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another storm of the century

We're getting ready for the largest storm ever to hit the United States, as Reuters puts it. So far we've made sure our phones are charged, found the headlamps, and made a wet bicycle trip to the library for a few more books. Is there anything else we need to do?

Really, I'm not entirely sure what to think about this storm. Last time it wasn't no thing, but this one is record-breaking for both its size and the depths of its pressure, so perhaps we should be more concerned; but I really can't think of any other preparations we need to make. We already have a couple weeks worth of food in the pantry, although Leah did venture out into the craziness yesterday just to experience it, and also to get some ice for the freezer. It wouldn't do to have some hundreds of dollars of locally-raised meat go bad in the even of a power outage! In what I can only view as a commentary on the shared insanity of pre-storm shopping, she let Harvey ride his scooter in the Whole Foods.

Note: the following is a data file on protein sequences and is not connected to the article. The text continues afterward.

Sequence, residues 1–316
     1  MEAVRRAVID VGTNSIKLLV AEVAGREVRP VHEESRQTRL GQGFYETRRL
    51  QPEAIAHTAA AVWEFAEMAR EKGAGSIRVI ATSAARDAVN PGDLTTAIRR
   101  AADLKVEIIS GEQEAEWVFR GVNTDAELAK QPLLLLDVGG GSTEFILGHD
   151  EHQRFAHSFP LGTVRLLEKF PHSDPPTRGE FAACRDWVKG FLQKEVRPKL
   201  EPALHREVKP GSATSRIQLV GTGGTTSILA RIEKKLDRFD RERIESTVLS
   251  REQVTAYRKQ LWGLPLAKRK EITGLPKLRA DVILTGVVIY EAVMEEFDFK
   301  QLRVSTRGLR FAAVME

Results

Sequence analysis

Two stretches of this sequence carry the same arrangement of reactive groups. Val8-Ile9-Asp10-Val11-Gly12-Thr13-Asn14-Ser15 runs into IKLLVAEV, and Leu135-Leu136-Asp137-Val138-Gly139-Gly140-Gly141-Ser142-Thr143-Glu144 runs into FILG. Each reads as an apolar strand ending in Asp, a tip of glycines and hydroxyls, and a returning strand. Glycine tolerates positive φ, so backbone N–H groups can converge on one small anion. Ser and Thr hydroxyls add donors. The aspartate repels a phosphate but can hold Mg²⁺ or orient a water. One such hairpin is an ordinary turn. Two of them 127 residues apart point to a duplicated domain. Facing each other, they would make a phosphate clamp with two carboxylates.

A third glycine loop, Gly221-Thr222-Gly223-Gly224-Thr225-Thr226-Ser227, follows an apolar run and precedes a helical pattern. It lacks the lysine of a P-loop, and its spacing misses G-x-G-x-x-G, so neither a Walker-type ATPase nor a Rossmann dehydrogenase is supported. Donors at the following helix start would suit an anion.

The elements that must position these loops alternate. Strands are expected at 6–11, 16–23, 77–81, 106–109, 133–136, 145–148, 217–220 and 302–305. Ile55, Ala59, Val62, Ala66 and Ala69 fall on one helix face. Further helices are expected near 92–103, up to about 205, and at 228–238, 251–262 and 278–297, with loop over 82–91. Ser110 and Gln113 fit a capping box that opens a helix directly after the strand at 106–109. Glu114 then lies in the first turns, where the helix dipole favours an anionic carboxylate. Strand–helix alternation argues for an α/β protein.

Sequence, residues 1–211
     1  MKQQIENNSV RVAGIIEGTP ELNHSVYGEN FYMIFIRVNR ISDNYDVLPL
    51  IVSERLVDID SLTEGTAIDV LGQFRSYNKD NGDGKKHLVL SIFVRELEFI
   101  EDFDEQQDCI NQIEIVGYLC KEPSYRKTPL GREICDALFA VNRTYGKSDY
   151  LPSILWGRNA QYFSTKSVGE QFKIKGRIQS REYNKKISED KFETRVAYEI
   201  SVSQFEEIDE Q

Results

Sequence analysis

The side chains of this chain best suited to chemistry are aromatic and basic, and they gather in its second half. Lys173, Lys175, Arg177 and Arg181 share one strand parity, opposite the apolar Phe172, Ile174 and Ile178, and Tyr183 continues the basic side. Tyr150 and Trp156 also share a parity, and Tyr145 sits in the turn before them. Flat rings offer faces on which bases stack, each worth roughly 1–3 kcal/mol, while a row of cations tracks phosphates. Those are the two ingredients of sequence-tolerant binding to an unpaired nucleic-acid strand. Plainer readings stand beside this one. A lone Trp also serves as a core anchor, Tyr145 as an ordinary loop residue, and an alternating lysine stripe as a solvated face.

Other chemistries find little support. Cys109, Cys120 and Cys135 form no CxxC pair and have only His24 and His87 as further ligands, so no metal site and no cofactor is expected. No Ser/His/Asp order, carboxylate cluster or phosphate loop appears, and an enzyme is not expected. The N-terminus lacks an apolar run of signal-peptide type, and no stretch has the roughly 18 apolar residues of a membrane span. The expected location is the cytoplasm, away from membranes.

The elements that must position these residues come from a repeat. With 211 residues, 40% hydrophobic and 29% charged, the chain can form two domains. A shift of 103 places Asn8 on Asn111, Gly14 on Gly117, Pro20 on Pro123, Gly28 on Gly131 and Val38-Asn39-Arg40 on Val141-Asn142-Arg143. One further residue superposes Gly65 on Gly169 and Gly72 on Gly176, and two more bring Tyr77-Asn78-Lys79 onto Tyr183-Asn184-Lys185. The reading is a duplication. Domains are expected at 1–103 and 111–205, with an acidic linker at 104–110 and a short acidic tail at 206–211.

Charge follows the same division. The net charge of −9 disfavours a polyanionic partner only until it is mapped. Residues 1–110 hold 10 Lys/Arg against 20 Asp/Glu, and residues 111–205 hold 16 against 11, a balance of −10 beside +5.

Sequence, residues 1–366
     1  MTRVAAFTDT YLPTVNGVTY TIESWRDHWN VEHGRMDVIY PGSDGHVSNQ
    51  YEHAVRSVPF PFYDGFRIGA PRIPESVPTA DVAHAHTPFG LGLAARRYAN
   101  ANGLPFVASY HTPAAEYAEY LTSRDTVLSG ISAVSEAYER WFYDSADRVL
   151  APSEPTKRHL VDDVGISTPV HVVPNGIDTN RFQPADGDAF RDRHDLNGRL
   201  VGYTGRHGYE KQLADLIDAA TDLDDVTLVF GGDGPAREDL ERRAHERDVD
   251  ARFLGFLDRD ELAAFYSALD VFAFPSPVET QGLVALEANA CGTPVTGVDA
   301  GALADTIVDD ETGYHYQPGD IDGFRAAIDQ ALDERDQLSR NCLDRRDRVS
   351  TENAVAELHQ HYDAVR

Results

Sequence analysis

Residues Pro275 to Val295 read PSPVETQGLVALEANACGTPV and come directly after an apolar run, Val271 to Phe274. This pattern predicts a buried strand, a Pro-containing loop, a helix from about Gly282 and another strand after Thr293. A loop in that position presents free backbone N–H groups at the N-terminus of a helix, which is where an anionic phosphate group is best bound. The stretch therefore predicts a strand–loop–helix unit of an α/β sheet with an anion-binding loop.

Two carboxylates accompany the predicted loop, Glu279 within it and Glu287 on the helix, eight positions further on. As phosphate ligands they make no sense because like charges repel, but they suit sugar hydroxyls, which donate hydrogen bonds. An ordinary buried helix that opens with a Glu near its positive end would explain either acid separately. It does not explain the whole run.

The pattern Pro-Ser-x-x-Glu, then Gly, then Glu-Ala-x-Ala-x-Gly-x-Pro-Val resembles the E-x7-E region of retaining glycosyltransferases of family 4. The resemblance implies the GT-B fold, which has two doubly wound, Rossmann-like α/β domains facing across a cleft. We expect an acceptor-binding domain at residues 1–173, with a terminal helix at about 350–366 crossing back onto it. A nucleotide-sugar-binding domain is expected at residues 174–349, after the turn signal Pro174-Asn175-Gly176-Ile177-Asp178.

As the wind picks up tomorrow I'll make sure nothing's blowing away outside, and we'll do our best to deal with the cabin fever that will no doubt be affecting our three dependents. (To that end our library haul, besides books, also included a Thomas and Friends DVD, not to be watched until the storm is in full swing; just before bed, Harvey asked, "when it's light is it the day you're talkin about?" Yes my son, tomorrow is tomorrow.)

Big weather events like this are about the only time I wish we still had TV, because when you see the reporters squinting against heavy rain while waves crash on the pier behind them you feel like a storm is really something. Without that shared experience, it's just a little bit of wind and rain, over before you know it. I'll take pictures if anything big falls over.


Maybe we should all take turns going out and taking phone-video of ourselves in the storm and send them to you.

Are you bringing in the chickens?

Not unless their roof blows off!

The storm is finally starting to really show up. We took a walk mid morning and it just seemed like a regular squally day, but now we have some actual rain and wind. Chickens are ok so far, though damp.

If our roof blows off, can we room with the chickens?

Absolutely! They're warm and dry last time I checked, and we just mucked out the coop a couple days ago!

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